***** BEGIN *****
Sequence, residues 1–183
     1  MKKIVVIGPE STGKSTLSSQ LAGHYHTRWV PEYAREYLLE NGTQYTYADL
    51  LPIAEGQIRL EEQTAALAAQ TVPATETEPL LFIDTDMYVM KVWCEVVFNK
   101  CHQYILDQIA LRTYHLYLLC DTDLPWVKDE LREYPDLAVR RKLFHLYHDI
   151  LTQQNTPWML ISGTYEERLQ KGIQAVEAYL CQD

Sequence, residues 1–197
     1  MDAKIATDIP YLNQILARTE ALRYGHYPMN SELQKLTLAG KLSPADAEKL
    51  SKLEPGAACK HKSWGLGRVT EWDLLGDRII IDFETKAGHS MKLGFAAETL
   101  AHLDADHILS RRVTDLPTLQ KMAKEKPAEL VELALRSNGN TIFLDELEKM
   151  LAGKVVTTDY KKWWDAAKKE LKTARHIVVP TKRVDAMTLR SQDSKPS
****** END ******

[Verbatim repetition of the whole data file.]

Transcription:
Sequence, residues 1–183
     1  MKKIVVIGPE STGKSTLSSQ LAGHYHTRWV PEYAREYLLE NGTQYTYADL
    51  LPIAEGQIRL EEQTAALAAQ TVPATETEPL LFIDTDMYVM KVWCEVVFNK
   101  CHQYILDQIA LRTYHLYLLC DTDLPWVKDE LREYPDLAVR RKLFHLYHDI
   151  LTQQNTPWML ISGTYEERLQ KGIQAVEAYL CQD

Sequence, residues 1–197
     1  MDAKIATDIP YLNQILARTE ALRYGHYPMN SELQKLTLAG KLSPADAEKL
    51  SKLEPGAACK HKSWGLGRVT EWDLLGDRII IDFETKAGHS MKLGFAAETL
   101  AHLDADHILS RRVTDLPTLQ KMAKEKPAEL VELALRSNGN TIFLDELEKM
   151  LAGKVVTTDY KKWWDAAKKE LKTARHIVVP TKRVDAMTLR SQDSKPS